The Cost of Assuming Doctors Know Best

The success of a hospital system in Washington state is a strong signal that patient decision aids are powerful quality-improving, cost-cutting tools -- but change is stalled by bad financial incentives.

Group Health Cooperative, Bellevue, Washington (BenjaminBenschneider/AECOM)

In most industries, quality-improving and cost-cutting innovations don't sit around for years while people keep muddling through with old technology. When an innovation is ready for widespread use, it disrupts the market, whether the market wants it or not. In the process, some entrepreneur usually makes a killing.

That process hasn't worked in healthcare, though -- and because of that, we have a whole set of rarely-used innovations that are ready for large-scale implementation, and that could start saving money today. Those technologies include simple things like broader use of generic drugs, which can reduce pharmaceutical costs significantly; and better hand washing, which reduces the transmission of disease within hospitals and doctor's offices. They also include more complicated interventions like Lean management, which has been implemented successfully at hospitals like Virginia Mason Medical Center in Seattle and Thedacare in Wisconsin, to make their care processes more efficient by cutting out useless steps.

The habit of assuming the doctor knows best has created a system where huge numbers of patients aren't getting the treatment they would have chosen if they were fully informed.

Then there's shared decision making, which helps patients be better informed about their treatment choices and make better decisions -- and might be the most promising of the bunch in terms of improving care and reducing spending.

Shared decision making is a way of dealing with the tough questions posed by "preference-sensitive conditions" -- conditions where there are multiple treatment options, and none of those options is clearly better than the others. That includes conditions like arthritis in knees and hips, low back pain, stable angina (chest pain from heart disease), and early-stage prostate and breast cancer. (Obviously, it doesn't include emergency conditions like heart attacks and hip fractures, or conditions where there is clearly only one treatment.)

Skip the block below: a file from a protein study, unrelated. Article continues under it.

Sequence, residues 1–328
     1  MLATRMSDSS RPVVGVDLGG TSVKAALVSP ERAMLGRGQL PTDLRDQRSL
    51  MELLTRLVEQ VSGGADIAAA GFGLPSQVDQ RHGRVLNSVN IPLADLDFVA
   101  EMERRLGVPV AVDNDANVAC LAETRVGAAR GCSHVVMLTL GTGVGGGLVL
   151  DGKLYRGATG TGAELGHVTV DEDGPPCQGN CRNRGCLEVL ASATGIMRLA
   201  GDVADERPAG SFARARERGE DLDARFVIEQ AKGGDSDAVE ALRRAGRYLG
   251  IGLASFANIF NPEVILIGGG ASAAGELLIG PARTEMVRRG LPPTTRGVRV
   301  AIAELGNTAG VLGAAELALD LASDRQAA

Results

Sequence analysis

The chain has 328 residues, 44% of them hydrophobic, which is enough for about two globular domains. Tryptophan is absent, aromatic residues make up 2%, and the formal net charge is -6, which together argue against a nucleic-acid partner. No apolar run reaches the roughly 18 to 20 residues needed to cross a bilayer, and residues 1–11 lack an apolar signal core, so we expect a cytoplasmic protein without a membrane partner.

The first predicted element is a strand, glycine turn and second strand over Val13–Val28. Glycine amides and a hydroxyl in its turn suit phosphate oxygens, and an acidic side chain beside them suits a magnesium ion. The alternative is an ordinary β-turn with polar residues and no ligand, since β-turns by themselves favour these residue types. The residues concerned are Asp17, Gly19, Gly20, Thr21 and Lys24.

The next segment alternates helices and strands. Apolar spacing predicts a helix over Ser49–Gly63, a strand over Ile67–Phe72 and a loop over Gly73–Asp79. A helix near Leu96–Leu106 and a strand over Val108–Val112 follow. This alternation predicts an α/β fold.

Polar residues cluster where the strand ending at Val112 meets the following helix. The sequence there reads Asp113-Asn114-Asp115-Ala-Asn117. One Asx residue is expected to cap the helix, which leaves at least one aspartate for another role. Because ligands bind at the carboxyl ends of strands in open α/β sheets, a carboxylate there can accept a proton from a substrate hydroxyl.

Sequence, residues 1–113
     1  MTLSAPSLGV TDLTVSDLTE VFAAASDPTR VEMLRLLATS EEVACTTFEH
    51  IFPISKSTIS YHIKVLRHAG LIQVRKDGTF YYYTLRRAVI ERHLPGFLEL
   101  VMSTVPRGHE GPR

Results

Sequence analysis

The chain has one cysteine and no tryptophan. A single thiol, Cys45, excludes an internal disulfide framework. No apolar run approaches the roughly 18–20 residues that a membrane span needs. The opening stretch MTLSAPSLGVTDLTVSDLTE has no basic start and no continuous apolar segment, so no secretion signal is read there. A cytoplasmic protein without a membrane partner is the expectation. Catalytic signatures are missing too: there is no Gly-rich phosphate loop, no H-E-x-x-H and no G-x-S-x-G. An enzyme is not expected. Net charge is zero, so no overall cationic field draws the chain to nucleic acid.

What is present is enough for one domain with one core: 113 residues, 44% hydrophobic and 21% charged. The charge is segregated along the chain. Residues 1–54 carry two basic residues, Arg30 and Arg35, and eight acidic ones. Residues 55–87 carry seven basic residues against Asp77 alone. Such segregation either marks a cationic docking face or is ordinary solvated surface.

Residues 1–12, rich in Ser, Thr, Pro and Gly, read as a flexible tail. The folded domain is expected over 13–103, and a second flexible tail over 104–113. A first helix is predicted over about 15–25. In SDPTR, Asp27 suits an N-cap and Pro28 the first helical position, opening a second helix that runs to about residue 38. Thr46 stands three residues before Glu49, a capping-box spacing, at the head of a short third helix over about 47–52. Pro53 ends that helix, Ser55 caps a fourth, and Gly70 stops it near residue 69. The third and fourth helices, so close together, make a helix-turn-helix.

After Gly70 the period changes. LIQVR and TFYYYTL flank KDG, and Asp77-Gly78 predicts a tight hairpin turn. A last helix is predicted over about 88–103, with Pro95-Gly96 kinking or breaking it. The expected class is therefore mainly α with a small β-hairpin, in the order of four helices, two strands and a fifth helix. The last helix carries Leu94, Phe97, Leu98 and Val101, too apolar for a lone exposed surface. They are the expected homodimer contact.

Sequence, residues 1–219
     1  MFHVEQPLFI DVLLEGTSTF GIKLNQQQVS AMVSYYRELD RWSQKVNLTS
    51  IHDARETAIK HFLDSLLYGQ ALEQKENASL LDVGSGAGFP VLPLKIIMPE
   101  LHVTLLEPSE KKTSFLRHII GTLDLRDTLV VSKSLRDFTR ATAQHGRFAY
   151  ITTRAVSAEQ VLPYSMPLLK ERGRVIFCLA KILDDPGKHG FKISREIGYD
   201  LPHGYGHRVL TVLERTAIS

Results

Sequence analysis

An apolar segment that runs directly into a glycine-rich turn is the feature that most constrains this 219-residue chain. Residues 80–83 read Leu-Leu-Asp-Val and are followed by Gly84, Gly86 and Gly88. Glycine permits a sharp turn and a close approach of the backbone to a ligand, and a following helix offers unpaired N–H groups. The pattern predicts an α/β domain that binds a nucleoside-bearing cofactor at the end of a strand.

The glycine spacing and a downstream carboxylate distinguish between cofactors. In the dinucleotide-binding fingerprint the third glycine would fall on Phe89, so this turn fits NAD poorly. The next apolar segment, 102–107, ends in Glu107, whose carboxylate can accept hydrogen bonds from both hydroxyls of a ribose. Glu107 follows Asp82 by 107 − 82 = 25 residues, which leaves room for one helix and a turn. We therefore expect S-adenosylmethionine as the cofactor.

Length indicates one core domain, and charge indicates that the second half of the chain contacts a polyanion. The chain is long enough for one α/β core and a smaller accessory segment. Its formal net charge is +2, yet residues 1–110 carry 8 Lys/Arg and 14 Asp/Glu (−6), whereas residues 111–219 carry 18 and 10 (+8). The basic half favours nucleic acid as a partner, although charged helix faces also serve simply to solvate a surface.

Deciding on a treatment for preference-sensitive conditions involves weighing a variety of risks and possible benefits, and different patients will end up making different "right" decisions because they have different values and preferences. The best example here is women with early-stage breast cancer. They can choose lumpectomy (surgery that preserves the breast) or mastectomy (which removes it entirely). The two options are equally good in terms of reducing the risk of dying of breast cancer, but they require different kinds of follow-up and different women prefer one over the other.

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Making such decisions means that patients must have the relevant information about all their treatment options, and doctors must understand their individual patients' preferences -- basically, what they want from treatment. But too often, patients only hear about one treatment option, the one the doctor usually uses -- and doctors routinely assume they know what their patients want without actually asking them. And in many cases, the doctor is wrong.

This habit of assuming the doctor knows best has created a system where huge numbers of patients aren't getting the treatment they would have chosen if they were fully informed. It also means that hundreds of thousands of patients are going through surgery that wasn't really worth it, and that they wouldn't have chosen had they understood their options.

Shared decision making is a process designed to ensure that patients are fully informed, and then use that information to get the treatment they want. A common though non-essential part of informing patients is a "patient decision aid." Decision aids can be videos, websites, or pamphlets, and they present the available medical evidence on all reasonable treatment options -- including the option to do nothing -- in a way that patients can understand. Decision aids also help patients understand what they value and how much risk they're willing to accept. Doctors can participate in the process, too, by clarifying things for the patient and helping make sure there's a good match between the treatment and what the patient wants.

There have been more than 80 randomized controlled trials on the effects of patient decision aids, and the results are pretty clear. According to the Cochrane Collaboration, which reviews groups of studies, using patient decision aids improves the match between patients' preferences, improves patients' knowledge of the possible results of treatment, and reduces the number of patients who still don't know what they want.

Here's the icing on the cake in terms of health care spending: Patients also tend to choose less invasive (and therefore less expensive) treatment options.

Presented by

Shannon Brownlee & Joe Colucci

Shannon Brownlee is the acting director of the health policy program at the New America Foundation and an instructor at the Dartmouth Institute for Health Policy and Clinical Practice. Her writing also appears in The New York Times Magazine and The New Republic. Joe Colucci is a program associate in the New America Foundation's Health Policy Program.

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